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|If wishes were horses...
Written by Robbin
(4/1/2006 4:13 p.m.)
in consequence of the missive, Oh what fools these mortals be!, penned by Carolyn
Dress was her passion. She had a most harmless delight in being fine; and our heroine’s entree into life could not take place till after three or four days had been spent in learning what was mostly worn, and her chaperone was provided with a dress of the newest fashion. (Chapter 2)
Oh how Catherine must have chafed at this delay of adventure due to a most harmless delight in being fine—so near and yet so far! I would have to vote for Mrs. Allen although presently, I feel she is more foolish in her choices of subject, her preoccupation with fashion and the importance she gives it, rather than a clownish fool. Perhaps she excludes a more naive artless slightly self-centered foolishness. I found it quite funny that Mrs. Allen probably feels the first ball a success because she saw no one wearing a gown which she liked better than her own!
She is certainly kind to Catherine to invite her but there is much advantage to Mrs. Allen also and this surely played some part in the invitation—Catherine is a companion and a reason, if one be needed for a childless woman, to be constantly at balls. On the other hand, perhaps it was suggested by Mr. Allen who seems to have no fondness for ballrooms or tea in public. I love the reason the narrator attributes the invitation:
Mr. Allen…and his lady, a good–humoured woman, fond of Miss Morland, and probably aware that if adventures will not befall a young lady in her own village, she must seek them abroad, invited her to go with them. Mr. and Mrs. Morland were all compliance, and Catherine all happiness. (Chapter 1)
Mrs. Allen is also kind in her constant wishing for acquaintance and laments on her unpartnered protégé, “I wish we had a large acquaintance here - I wish you could dance, my dear — I wish you could get a partner,” but to say the truth I do not know if Mrs. Allen could do anything else about it other than, wish, lament, or perhaps obtain some kind of assistance from her husband—does he also know no one is Bath? I do not think she can request from the Master of Ceremonies likely gentlemen for introduction and dancing! I love how JA attributes what is bound to happen eventually in a crowded city of which the basic activities are either the pursuit of pleasure or making the pursuit of pleasure possible by visitors appear a consequence of Mrs. Allen’s thoughtful hamster-like wheel-turning sentiments—no offence intended to the dignity of Mrs. Allen or amiable hamsters!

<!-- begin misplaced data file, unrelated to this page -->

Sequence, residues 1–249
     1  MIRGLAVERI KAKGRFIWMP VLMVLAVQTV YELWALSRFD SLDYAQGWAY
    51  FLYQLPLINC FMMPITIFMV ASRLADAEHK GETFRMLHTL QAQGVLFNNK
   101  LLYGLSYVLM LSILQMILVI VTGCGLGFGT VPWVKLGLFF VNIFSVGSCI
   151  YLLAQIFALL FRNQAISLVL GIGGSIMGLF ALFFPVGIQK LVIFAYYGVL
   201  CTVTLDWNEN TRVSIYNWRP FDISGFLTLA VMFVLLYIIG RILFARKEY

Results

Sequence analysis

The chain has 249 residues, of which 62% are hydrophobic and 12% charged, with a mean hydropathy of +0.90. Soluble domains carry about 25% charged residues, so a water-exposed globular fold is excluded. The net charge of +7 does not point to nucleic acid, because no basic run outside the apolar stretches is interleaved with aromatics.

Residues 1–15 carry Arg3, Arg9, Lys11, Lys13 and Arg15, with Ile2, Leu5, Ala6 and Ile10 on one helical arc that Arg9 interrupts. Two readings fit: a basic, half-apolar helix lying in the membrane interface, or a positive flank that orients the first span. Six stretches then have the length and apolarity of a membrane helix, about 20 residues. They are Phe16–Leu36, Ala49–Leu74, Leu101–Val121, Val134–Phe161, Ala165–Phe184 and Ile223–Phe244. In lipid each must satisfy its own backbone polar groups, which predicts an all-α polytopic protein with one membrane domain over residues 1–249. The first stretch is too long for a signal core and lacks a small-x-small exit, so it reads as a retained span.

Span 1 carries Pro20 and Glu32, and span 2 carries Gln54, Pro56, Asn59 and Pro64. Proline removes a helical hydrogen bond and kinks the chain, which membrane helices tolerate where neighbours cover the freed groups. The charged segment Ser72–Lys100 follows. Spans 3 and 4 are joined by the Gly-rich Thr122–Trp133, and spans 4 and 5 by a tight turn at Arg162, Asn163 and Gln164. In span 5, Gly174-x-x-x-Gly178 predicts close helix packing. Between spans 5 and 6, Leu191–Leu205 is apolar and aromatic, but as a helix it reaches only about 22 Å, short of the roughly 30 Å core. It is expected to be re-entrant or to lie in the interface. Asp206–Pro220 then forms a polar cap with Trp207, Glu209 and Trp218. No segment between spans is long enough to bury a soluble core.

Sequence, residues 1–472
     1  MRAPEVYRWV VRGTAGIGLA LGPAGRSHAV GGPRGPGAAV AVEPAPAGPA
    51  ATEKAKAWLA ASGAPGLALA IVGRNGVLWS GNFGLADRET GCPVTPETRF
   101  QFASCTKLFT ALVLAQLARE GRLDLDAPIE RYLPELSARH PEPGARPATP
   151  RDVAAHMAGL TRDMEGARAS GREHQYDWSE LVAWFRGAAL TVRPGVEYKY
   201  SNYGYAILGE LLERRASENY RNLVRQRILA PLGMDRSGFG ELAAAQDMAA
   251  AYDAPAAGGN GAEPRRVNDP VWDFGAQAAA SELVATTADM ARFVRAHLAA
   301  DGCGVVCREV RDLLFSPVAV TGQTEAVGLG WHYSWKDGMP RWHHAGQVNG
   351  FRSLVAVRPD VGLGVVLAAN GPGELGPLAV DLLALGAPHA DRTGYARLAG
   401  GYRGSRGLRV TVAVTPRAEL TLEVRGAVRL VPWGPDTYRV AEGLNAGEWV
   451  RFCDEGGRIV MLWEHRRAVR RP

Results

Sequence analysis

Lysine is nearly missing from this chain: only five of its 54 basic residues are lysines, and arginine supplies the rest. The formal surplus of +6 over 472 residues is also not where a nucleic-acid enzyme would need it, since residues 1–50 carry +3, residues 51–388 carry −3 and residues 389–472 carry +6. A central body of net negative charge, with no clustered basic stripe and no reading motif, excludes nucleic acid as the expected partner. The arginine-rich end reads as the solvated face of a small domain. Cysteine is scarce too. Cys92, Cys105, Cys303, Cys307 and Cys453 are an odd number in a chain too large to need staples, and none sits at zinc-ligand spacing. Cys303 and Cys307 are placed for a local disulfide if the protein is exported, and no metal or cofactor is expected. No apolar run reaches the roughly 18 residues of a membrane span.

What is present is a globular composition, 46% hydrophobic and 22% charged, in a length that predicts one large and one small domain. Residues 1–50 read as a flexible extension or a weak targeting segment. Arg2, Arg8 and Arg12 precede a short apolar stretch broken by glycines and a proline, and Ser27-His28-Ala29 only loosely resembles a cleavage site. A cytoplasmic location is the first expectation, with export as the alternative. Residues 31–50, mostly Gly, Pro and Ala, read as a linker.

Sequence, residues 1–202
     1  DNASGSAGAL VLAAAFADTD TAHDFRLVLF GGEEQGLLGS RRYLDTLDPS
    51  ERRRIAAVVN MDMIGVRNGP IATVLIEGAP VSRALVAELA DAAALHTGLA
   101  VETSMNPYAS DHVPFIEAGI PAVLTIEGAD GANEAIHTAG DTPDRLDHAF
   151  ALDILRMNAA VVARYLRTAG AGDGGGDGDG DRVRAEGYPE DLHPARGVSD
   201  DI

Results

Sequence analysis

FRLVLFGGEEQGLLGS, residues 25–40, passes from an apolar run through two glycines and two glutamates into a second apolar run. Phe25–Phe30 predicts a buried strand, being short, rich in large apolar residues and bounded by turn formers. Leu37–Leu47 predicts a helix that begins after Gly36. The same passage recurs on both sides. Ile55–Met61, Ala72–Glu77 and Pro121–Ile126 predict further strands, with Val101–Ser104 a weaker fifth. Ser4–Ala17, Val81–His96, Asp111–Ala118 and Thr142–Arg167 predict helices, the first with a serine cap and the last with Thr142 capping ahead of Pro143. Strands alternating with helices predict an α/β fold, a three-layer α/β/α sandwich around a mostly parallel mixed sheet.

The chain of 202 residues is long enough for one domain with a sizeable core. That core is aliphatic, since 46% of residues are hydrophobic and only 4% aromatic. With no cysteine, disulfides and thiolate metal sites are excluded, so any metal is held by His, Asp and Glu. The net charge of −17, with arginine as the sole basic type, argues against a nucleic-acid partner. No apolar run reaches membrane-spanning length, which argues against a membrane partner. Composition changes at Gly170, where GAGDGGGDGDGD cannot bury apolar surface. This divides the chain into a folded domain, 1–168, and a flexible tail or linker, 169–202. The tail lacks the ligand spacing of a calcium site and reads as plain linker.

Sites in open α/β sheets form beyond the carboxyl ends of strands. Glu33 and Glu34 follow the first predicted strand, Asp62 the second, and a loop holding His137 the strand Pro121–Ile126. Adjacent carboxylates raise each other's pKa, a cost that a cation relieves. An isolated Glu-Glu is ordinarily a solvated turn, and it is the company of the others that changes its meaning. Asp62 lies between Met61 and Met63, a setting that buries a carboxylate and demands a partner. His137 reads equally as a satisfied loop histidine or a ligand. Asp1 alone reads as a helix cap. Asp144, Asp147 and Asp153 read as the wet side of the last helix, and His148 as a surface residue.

This sentiment had been uttered so often in vain that Mrs. Allen had no particular reason to hope it would be followed with more advantage now; but we are told to “despair of nothing we would attain,” as “unwearied diligence our point would gain”; and the unwearied diligence with which she had every day wished for the same thing was at length to have its just reward, for hardly had she been seated ten minutes before… (Chapter 3)
I really hope I am not wrong about Mrs. Allen—how could she do any of the following to a young woman she so often wishes only good things for?!! :D
It is now expedient to give some description of Mrs. Allen, that the reader may be able to judge in what manner her actions will hereafter tend to promote the general distress of the work, and how she will, probably, contribute to reduce poor Catherine to all the desperate wretchedness of which a last volume is capable — whether by her imprudence, vulgarity, or jealousy — whether by intercepting her letters, ruining her character, or turning her out of doors.
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